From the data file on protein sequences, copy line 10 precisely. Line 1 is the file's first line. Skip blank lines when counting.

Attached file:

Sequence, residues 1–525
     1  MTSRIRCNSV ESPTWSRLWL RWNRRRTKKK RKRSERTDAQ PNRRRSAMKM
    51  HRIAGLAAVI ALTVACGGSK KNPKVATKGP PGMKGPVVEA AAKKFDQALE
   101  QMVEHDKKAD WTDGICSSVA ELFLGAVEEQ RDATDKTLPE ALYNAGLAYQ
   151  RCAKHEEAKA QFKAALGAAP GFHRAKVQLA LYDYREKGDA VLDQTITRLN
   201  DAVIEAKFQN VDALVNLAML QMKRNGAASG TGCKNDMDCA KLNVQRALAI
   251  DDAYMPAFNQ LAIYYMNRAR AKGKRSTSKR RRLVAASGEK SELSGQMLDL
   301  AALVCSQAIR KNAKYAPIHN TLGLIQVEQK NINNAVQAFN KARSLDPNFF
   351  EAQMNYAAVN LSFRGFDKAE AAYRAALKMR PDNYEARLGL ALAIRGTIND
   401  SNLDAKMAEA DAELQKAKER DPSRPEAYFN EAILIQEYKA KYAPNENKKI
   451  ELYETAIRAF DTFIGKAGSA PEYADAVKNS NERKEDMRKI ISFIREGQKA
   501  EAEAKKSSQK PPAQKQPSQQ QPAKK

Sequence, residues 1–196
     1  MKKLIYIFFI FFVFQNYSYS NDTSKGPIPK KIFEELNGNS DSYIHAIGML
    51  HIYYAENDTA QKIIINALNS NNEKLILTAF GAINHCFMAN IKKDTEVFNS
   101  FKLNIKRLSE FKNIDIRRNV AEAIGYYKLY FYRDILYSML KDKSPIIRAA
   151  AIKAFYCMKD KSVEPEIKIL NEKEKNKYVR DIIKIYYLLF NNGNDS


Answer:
   401  SNLDAKMAEA DAELQKAKER DPSRPEAYFN EAILIQEYKA KYAPNENKKI